God Save the Queen
My formal education began in 1956 in public school in the Village of Eriswell in the United Kingdom. The school day began with readings from the Book of Common Prayer; my copy was pocket sized and had a red cover. I could be wrong about this, but I believe the last page of the book included the words to the song God Save The Queen, which concluded our morning devotional. All the students, perhaps 40 or 50, stood in what amounted to the Great Hall for this programme.
So, while my contemporaries in the US were learning the Pledge of Allegiance, which was just becoming popular, I was learning God Save the Queen.
The school had two departments; I don’t know what they were called, I’ll just call them younger and older; I started with the young children (I was 4) with Mrs. Rigsby. My older sister Alice Adele started with Mrs. Donnan. This school is where I learned to write – block printing using a pencil, and later with a quill pen dipped in an inkwell. Each day before lunch we all went outside to use the outhouse (a very large structure with multiple seats over the pit) and lined up on the way back inside to wash our hands at a sink with cold running water. Lunch was provided by the school and was served at long wooden tables with benches. On my first day I learned how to properly use a fork, English style, on the insistence of Mrs Donnan. I don’t remember much about the meals except Christmas Pudding, which was a real treat, and a cake covered in treacle.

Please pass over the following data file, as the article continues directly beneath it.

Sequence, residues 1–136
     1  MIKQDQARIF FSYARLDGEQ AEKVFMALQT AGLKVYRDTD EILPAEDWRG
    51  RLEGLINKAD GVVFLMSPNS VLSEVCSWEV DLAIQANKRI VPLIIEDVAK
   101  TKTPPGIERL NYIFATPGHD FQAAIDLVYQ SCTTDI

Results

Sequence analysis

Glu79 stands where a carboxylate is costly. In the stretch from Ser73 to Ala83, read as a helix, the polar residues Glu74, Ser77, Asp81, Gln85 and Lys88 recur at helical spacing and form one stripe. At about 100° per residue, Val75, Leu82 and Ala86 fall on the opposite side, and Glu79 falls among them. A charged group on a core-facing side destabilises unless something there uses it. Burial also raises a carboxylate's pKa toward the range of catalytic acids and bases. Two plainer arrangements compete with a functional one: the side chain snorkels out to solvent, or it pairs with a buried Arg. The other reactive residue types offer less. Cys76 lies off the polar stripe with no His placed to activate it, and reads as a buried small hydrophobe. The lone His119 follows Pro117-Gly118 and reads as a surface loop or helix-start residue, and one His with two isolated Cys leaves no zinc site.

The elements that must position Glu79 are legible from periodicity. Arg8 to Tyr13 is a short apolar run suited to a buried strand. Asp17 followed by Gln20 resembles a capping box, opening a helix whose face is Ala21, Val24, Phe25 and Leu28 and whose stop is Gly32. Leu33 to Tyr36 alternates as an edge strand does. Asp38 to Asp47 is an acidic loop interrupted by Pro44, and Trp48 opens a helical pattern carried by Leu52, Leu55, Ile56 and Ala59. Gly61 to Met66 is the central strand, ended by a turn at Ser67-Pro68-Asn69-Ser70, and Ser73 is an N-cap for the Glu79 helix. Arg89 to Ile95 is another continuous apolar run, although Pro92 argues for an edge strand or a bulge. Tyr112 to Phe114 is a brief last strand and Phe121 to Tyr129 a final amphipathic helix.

On the playground I learned to play rounders (like baseball) and had a shot at cricket. You couldn’t climb on the jungle gym unless you had a pair of rubber soled shoes called plimpsoles. I wore shorts every day and carried my papers and books in a leather satchel. From time to time we walked down the lane to the church, a distance of perhaps 200 yards, where we would sing in the choir loft with the accompaniment of the organ. The church was very old and was reputed to have a ghost, which had been seen playing the organ by Mrs Donnan, who was married to the pastor and lived in the parsonage next door. Reverend Donnan, who became a friend of my Dad’s, had been a prisoner of war of the Japanese in Burma on the infamous Death Railway. Years ago I read the non-fiction account of that experience in Through the Valley of the Kwai, and actually visited a piece of it at Kanchanaburi, in Thailand, with my Dad when we lived in Bangkok during the Vietnam War.
My best friend was Trevor Dodds, who lived in the village in a very old house with a thatched roof. Somewhere I have a photo of my 7th birthday party, which we had at the Eriswell Town Hall, around a birthday cake my mother made which resembled a train with several sections.
So, when I wonder how I got to be who I am, this is a piece of the picture, and a part of the stories I write. Like me, your story – and you- are unique, one of a kind.